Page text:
Turn on thread page Beta
    • Thread Starter
    Offline

    4
    For example I can solve this:

    3x + 7y = 26
    4x + 5y = 13

    The signs are the same so once I make the coefficients of x
    the same I will Subtract the top equation from the bottom. SSS = Subtract if signs same

    Now say If it was like this instead how would I solve it?? :

    -3x + 7y = 26
    +4x + 5y = 13
    Offline

    15
    ReputationRep:
    Multiply the first equation by 4 and the second one by 3. Can you see that the coefficient of x in both equation is the same. Solve by elimination from there.
    Offline

    10
    ReputationRep:
    You'd make the coefficients equal like before then you'd add the two equations instead of subtracting them, which will make the x's cancel out and disappear.
    Offline

    20
    ReputationRep:
    (Original post by JackT2000)
    For example I can solve this:

    3x + 7y = 26
    4x + 5y = 13

    The signs are the same so once I make the coefficients of x
    the same I will Subtract the top equation from the bottom. SSS = Subtract if signs same

    Now say If it was like this instead how would I solve it?? :

    -3x + 7y = 26
    +4x + 5y = 13
    If the signs are both plus or both minus, then subtract.
    If the signs are plus and minus, then add.

    -3x + 7y = 26 (1)
    4x + 5y = 13 (2)

    Let's make the y values the same by multiplying (1) by 5 and (2) by 7.

    This gives us:

    -15x + 35y = 130 (3)
    28x + 35y = 91 (4)

    As the y signs in equations (3) and (4) are both plus, we subtract.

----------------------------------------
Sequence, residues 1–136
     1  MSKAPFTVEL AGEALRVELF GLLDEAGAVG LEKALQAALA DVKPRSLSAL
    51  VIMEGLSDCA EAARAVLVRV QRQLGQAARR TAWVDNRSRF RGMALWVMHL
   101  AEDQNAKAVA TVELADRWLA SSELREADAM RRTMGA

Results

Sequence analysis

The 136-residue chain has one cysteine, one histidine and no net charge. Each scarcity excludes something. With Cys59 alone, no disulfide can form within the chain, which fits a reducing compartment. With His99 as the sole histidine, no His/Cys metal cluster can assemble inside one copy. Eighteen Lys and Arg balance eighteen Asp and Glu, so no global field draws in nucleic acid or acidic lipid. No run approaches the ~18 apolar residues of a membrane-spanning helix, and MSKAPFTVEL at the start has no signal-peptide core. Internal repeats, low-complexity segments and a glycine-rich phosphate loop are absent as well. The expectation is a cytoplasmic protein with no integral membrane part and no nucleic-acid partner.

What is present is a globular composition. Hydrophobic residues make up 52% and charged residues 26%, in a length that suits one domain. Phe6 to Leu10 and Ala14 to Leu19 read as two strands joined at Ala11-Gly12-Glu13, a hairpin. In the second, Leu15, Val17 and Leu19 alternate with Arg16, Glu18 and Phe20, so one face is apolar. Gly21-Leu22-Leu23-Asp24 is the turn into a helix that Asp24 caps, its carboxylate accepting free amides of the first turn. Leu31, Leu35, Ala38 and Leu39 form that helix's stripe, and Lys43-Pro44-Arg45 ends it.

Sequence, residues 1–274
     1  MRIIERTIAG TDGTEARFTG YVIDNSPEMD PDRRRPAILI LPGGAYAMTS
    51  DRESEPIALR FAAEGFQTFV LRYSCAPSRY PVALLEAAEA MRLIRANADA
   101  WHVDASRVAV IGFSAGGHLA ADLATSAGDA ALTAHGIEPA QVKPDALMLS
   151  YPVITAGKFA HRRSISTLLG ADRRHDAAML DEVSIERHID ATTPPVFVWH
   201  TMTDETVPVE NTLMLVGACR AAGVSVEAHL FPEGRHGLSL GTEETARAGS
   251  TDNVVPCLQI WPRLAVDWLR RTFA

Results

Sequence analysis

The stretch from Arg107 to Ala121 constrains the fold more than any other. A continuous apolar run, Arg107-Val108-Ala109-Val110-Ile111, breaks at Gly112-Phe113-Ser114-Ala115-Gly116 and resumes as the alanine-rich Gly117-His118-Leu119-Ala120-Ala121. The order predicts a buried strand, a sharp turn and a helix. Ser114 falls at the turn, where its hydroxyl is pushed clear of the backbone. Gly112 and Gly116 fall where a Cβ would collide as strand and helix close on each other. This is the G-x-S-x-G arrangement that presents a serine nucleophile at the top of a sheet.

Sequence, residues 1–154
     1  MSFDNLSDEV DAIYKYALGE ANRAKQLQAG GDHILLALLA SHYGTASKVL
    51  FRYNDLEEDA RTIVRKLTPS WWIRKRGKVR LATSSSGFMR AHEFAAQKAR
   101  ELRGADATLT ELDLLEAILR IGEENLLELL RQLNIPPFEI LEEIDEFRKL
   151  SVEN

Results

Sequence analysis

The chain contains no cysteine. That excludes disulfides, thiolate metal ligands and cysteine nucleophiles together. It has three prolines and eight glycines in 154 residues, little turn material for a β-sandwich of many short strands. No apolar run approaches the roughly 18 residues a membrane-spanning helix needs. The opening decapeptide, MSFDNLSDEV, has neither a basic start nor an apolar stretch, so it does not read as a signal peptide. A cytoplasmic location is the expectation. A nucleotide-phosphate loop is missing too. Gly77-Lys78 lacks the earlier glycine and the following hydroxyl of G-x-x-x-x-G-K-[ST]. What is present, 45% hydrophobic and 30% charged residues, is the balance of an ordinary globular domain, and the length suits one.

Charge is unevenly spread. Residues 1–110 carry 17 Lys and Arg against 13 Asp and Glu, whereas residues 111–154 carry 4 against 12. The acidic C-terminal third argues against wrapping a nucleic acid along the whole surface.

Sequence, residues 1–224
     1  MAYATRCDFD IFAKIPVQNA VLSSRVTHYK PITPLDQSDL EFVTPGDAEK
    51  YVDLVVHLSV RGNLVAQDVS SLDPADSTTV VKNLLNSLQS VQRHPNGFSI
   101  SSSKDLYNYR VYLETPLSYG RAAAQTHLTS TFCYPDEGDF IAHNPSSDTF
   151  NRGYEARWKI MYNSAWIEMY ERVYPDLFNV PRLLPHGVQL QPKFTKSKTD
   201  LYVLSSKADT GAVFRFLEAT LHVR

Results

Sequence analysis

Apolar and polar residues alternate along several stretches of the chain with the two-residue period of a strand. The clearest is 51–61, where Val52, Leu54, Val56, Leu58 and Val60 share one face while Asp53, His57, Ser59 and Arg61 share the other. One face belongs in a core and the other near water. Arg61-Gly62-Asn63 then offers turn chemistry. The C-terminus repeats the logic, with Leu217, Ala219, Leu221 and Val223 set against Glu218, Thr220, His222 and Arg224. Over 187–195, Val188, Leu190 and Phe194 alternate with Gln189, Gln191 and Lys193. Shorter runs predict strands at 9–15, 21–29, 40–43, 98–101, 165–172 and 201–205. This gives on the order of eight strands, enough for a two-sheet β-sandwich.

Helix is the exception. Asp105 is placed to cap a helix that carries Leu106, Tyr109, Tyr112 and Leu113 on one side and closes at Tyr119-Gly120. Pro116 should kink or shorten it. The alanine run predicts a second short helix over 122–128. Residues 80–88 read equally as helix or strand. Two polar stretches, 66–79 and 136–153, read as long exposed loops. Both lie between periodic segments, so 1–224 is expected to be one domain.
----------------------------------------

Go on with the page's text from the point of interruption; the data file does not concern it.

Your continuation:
-15x - 28x + 35y - 35y = 130 - 91

    -43x = 39

    x = -39/43, then sub that into equation (1) or (2) to find y.
    Offline

    15
    ReputationRep:
    Don't remember 'rules', try and understand what you're doing and why you're doing it and how it works.
    Offline

    22
    ReputationRep:
    (Original post by B_9710)
    Don't remember 'rules', try and understand what you're doing and why you're doing it and how it works.
    This. Cannot stress this enough.
    • Thread Starter
    Offline

    4
    (Original post by jake4198)
    If the signs are both plus or both minus, then subtract.
    If the signs are plus and minus, then add.

    -3x + 7y = 26 (1)
    4x + 5y = 13 (2)

    Let's make the y values the same by multiplying (1) by 5 and (2) by 7.

    This gives us:

    -15x + 35y = 130 (3)
    28x + 35y = 91 (4)

    As the y signs in equations (3) and (4) are both plus, we subtract.

    -15x - 28x + 35y - 35y = 130 - 91

    -43x = 39

    x = -39/43, then sub that into equation (1) or (2) to find y.
    So we ignore the signs in front of the first coeficciant until we eliminate
    • Thread Starter
    Offline

    4
    (Original post by B_9710)
    Don't remember 'rules', try and understand what you're doing and why you're doing it and how it works.
    What do you mean by rules? I'm sure must people think of it as if the signs are the same you subtract and different add? Please correct me if I'm wrong
    Offline

    20
    ReputationRep:
    (Original post by JackT2000)
    So we ignore the signs in front of the first coeficciant until we eliminate
    The sign on the front of the coefficient is completely irrelevant.
    • Thread Starter
    Offline

    4
    (Original post by jake4198)
    The sign on the front of the coefficient is completely irrelevant.
    Ok thanks. Is it ok to remember add if the signs are different and subtract if they are the same? Will it always work?
    Offline

    3
    ReputationRep:
    (Original post by JackT2000)
    Ok thanks. Is it ok to remember add if the signs are different and subtract if they are the same? Will it always work?
    Just think about what manipulations you can do in order to make either both x coefficients or both y coefficients have the same magnitude, then add or subtract them as necessary to remove those terms from the equations.